“I flew back with Glyn and went to his house straight from the airport, as he wanted me to listen to a new band he’d just recorded. After hearing the first side of Led Zeppelin my jaw was on the floor. Then the phone rang, and it was Steve: ‘Look, man, I just left The Small Faces. Can I join your band?’.”

That band, Humble Pie, ended up on Immediate Records, where the combination of a creative band with songs coming out of their ears and a record company desperate for cash resulted in two albums that have since been released a dozen times.

“When you consider we were only in the studio between the months of April and July [1969] intermittently, a week here, a week there, it was a tremendous amount of input for a relatively short space of time,” Jerry Shirley says.

Singles didn’t figure in the equation initially, but Natural Born Bugie nevertheless went to No.1 in several European countries (No.4 in the UK). “Steve had a bad feeling about singles,” Shirley says, “because he associated them with screaming little divs, as opposed to serious music fans. Which is what he and the whole band were trying to appeal to – people who were into music.”

So off-the-cuff was Natural Born Bugie that it didn’t even get on to the band’s second album, Town And Country, which arrived in the record stores in December 1969, just six months after Pie’s debut, As Safe As Yesterday Is. Although those first two albums had been recorded by a band with no live experience together, Humble Pie were soon to get to know every inch of America’s freeways and turnpikes, thanks to their management. 

“They’d done it before with Joe Cocker,” Shirley says. “Put the band out there, have them play for months, years, whatever, until they’re tighter than a duck’s ass, then capture that on vinyl and away you go.”

But the talent-packed Pie initially proved too eclectic for American rock audiences to digest. And although they would play an ‘unplugged’ opening set – way ahead of its time – it was clear they would have to cut the fiddly bits and concentrate on the down-the-line blues rock that ended the show.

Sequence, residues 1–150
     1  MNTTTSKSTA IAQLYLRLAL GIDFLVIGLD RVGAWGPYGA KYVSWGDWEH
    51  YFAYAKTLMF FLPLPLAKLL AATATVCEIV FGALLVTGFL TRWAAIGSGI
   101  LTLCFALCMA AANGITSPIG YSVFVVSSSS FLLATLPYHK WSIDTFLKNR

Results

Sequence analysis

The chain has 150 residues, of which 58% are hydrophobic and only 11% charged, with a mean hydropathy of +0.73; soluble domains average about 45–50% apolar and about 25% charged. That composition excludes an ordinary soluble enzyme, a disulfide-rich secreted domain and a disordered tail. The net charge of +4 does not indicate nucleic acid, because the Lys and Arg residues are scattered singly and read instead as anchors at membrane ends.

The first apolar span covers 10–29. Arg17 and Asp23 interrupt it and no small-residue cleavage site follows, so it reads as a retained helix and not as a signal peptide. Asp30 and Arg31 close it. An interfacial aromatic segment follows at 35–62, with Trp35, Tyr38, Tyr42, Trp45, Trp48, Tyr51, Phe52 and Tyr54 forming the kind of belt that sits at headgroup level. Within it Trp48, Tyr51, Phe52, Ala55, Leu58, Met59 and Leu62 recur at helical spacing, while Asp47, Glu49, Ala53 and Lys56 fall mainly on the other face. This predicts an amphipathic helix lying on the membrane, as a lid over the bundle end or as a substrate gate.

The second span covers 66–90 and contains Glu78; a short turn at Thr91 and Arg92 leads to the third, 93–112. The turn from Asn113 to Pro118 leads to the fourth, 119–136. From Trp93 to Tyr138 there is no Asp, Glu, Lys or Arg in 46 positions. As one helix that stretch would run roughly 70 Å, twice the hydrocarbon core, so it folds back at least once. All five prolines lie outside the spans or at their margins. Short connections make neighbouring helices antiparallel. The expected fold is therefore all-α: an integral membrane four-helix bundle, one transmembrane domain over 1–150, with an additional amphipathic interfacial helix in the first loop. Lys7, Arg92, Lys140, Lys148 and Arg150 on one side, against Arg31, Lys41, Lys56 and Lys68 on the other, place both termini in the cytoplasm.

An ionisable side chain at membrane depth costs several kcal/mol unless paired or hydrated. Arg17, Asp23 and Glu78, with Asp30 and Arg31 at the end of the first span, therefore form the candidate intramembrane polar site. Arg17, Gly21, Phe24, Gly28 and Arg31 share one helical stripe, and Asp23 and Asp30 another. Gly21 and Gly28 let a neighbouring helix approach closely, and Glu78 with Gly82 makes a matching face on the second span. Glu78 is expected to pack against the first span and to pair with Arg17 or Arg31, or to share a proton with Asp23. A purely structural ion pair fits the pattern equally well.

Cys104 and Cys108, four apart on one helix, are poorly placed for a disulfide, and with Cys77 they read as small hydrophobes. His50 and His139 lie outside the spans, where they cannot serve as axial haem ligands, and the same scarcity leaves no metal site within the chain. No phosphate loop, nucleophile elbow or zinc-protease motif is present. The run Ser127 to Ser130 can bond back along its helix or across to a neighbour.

“By our third record [Humble Pie],” Frampton explains, “our first album for A&M in 1970, Glyn Johns said: ‘I think you ought to look at your direction. If you pay attention to your strengths, we might have something. Steve’s the singer, Pete’s the lead guitarist, Greg’s the bass player and Jerry’s the drummer – how’s that?’

“We all sang a little bit, but we relinquished the singing to Steve. No one had a problem with this because it was such an honour to be in a band with someone who had a voice like that. I hate the term ‘legendary’, but there’s only one Steve, and we were all lucky to be in a band with him.”

In 1971 Humble Pie exploded into major stardom with not one but two best-sellers. Studio album Rock On progressed things in the right direction, with Marriott singing R&B over heavy riffs the others came up with. The tour to promote that record also resulted in Performance: Rockin’ The Fillmore, one of the hottest live albums of the period.

The live album was full of classic blues and soul songs rocked up and rolled out, Pie style. “Our philosophy,” Frampton recalls, “was that if you’re going to do someone else’s song, make it your own and add something to it – otherwise leave it alone.”

The best examples were Ray Charles’s I Don’t Need No Doctor and the New Orleans voodoo classic Walk On Gilded Splinters. Shirley and Frampton later came across the